Cover of Techné: Research in Philosophy and Technology
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Displaying: 1-5 of 5 documents

1. Techné: Research in Philosophy and Technology: Volume > 21 > Issue: 1
Gili Yaron, Guy Widdershoven, Jenny Slatman Recovering a "Disfigured" Face: Cosmesis in the Everyday Use of Facial Prostheses
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Prosthetic devices that replace an absent body part are generally considered to be either cosmetic or functional. Functional prostheses aim to restore (some degree of) lost physical functioning. Cosmetic prostheses attempt to restore a “normal” appearance to bodies that lack (one or more) limbs by emulating the absent body part’s looks. In this article, we investigate how cosmetic prostheses establish a normal appearance by drawing on the stories of the users of a specific type of artificial limb: the facial prosthesis. Given that prostheses are first and foremost devices worn upon the body, such an analysis requires an understanding of the ways in which bodies and technologies interact. We thus interpret users’ stories by critically engaging with the work of disability researcher and Actor-Network theorist Myriam Winance, as well as with the postphenomenological scholarship of Don Ihde and Peter-Paul Verbeek. Using this framework, we explore users’ attempts to achieve a proper fit between their faces and their prostheses, the technological transparency such a fit enables, and the ways in which transparency mediates users’ everyday exchanges with others. We conclude that a normal appearance, when it is achieved by means of prosthetics, enables the device’s user to navigate a precarious social environment as they encounter and interact with others in public.
2. Techné: Research in Philosophy and Technology: Volume > 21 > Issue: 1
Hub Zwart “Extimate” Technologies and Techno-Cultural Discontent: A Lacanian Analysis of Pervasive Gadgets
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According to a chorus of authors, the human life-world is currently invaded by an avalanche of high-tech devices referred to as “emerging,” ”intimate,” or ”NBIC” technologies: a new type of contrivances or gadgets designed to optimize cognitive or sensory performance and / or to enable mood management. Rather than manipulating objects in the outside world, they are designed to influence human bodies and brains more directly, and on a molecular scale. In this paper, these devices will be framed as ‘extimate’ technologies (both intimate and external; both embedded and foreign; both life-enhancing and intrusive), a concept borrowed from Jacques Lacan. Although Lacan is not commonly regarded as a philosopher of technology, the dialectical relationship between human desire and technological artefacts runs as an important thread through his work. Moreover, he was remarkably prescient concerning the blending of life science and computer science, which is such a distinctive feature of the current techno-scientific turn. Building on a series of Lacanian concepts, my aim is to develop a psychoanalytical diagnostic of the technological present. Finally, I will indicate how such an analysis may inform our understanding of human life and embodiment as such.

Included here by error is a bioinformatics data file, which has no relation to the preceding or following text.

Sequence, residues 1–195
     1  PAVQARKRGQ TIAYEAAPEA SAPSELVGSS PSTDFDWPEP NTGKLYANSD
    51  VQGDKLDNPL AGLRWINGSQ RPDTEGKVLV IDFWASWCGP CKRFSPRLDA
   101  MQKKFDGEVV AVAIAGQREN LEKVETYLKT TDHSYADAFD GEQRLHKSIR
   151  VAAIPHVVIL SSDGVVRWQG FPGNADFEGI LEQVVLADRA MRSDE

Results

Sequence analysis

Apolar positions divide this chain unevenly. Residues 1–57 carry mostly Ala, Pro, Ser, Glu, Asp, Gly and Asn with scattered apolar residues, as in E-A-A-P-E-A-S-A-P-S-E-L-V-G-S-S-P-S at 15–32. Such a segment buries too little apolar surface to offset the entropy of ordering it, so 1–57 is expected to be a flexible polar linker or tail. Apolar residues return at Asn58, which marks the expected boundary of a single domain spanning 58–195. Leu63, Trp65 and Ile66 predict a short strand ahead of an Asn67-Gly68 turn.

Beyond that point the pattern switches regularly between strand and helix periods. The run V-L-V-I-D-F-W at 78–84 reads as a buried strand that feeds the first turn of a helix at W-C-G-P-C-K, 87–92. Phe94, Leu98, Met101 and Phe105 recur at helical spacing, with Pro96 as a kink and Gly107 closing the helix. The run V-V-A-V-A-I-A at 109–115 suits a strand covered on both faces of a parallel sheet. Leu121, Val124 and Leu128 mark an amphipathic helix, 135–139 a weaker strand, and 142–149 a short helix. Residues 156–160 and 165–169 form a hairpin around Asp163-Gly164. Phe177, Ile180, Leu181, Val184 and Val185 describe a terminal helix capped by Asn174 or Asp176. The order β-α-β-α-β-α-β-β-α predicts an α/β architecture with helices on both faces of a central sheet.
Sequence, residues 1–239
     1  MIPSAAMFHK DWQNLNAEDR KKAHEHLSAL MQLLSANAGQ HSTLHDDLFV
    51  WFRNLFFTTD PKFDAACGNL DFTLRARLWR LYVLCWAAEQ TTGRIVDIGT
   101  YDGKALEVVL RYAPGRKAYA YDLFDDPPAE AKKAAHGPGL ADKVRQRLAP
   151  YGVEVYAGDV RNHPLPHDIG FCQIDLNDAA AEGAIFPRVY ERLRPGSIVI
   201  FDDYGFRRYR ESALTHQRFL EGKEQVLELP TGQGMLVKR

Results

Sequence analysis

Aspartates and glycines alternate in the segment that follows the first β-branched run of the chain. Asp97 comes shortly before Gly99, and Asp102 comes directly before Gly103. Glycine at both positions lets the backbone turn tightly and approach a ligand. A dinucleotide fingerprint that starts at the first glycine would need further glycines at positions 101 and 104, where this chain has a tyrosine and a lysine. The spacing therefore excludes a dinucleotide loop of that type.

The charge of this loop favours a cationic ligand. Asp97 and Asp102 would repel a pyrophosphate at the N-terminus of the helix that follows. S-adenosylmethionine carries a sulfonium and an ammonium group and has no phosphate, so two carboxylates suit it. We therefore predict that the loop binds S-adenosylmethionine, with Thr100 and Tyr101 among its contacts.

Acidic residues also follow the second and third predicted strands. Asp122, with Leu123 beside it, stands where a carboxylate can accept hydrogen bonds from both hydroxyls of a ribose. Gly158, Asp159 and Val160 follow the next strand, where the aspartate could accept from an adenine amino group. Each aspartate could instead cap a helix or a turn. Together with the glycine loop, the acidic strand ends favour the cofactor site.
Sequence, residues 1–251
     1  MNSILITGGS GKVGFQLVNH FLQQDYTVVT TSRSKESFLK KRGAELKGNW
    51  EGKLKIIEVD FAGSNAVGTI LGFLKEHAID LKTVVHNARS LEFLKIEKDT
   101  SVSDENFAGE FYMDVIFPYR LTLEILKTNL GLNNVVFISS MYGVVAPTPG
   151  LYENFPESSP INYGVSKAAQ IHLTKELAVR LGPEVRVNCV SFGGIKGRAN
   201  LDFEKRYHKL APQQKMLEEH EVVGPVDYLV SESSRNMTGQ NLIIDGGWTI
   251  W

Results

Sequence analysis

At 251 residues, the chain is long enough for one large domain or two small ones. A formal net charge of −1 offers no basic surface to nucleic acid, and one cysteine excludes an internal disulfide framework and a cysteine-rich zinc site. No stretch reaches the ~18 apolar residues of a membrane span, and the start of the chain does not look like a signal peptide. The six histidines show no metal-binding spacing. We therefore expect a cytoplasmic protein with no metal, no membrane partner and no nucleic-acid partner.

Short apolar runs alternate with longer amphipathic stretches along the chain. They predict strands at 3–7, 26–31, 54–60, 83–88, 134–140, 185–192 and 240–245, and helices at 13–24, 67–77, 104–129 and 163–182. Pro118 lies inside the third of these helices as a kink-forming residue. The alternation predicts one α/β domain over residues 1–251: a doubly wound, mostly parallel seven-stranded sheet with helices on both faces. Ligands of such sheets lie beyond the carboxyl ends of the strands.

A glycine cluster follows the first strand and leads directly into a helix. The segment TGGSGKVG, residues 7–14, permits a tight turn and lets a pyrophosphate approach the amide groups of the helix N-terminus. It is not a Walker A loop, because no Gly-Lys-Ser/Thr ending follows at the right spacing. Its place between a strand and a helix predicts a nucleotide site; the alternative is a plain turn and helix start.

3. Techné: Research in Philosophy and Technology: Volume > 21 > Issue: 1
Christopher Ryan Maboloc Social Transformation and Online Technology: Situating Herbert Marcuse in the Internet Age
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The Internet age has seen the influential rise of social media. Consumer culture is tied to this modern phenomenon. This paper begins with an exposition of Herbert Marcuse’s grounding in phenomenology and his subsequent critique of Heidegger’s apolitical Dasein. In explicating Marcuse’s critical theory of technology, this paper will retrace Hegel’s influence on Marcuse in the idea of the dialectic. The dialectic is an integral aspect of social transformation. While modern technology may be value-neutral, it is argued herein that the lack of depth in social media provokes thought and invites critical dissent. Marcuse believes in the capacity of modern tools to effect social reform through adaptation. But emerging pathologies from online technology also have pressing challenges. For instance, social media makes manifest a dominant order that can be manipulative. It can be said that particular interests, notably from business and capitalists, shape the type of consumer culture that online technology promotes. In advancing Marcuse’s relevance in today’s Internet age, the paper will explore how social media as a platform can truly liberate the individual from the ills that consumerism peddles online.
4. Techné: Research in Philosophy and Technology: Volume > 21 > Issue: 1
Timothy Colburn, Gary Shute Type and Metaphor for Computer Programmers
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The duality of computer programs is characterized, on the one hand, by their physical implementations on physical devices, and, on the other, by the conceptual implementations in programmers’ minds of the objects making up the computational processes they conceive. We contend that central to programmers’ conceptual implementations are (i) the concept of type, at both the programming and the design level, and (ii) metaphors created to facilitate these implementations.
book review
5. Techné: Research in Philosophy and Technology: Volume > 21 > Issue: 1
Alberto Romele Entangled in Digital Media: Review of Digital Media: Human-Technology Connection, by Stacey O’Neal Irwin
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